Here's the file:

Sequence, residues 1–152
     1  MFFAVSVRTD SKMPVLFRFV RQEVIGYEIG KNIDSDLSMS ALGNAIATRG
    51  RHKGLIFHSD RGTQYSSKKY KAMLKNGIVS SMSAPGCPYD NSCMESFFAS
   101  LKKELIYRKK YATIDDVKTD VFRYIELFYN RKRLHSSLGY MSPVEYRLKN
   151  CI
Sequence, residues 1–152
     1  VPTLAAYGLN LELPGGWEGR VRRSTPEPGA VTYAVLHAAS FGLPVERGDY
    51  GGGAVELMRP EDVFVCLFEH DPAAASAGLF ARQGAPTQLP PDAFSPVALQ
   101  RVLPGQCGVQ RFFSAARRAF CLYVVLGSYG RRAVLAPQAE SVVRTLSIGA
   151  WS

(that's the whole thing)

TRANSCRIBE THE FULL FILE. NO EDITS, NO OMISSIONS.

Sequence, residues 1–152
     1  MFFAVSVRTD SKMPVLFRFV RQEVIGYEIG KNIDSDLSMS ALGNAIATRG
    51  RHKGLIFHSD RGTQYSSKKY KAMLKNGIVS SMSAPGCPYD NSCMESFFAS
   101  LKKELIYRKK YATIDDVKTD VFRYIELFYN RKRLHSSLGY MSPVEYRLKN
   151  CI
Sequence, residues 1–152
     1  VPTLAAYGLN LELPGGWEGR VRRSTPEPGA VTYAVLHAAS FGLPVERGDY
    51  GGGAVELMRP EDVFVCLFEH DPAAASAGLF ARQGAPTQLP PDAFSPVALQ
   101  RVLPGQCGVQ RFFSAARRAF CLYVVLGSYG RRAVLAPQAE SVVRTLSIGA
   151  WS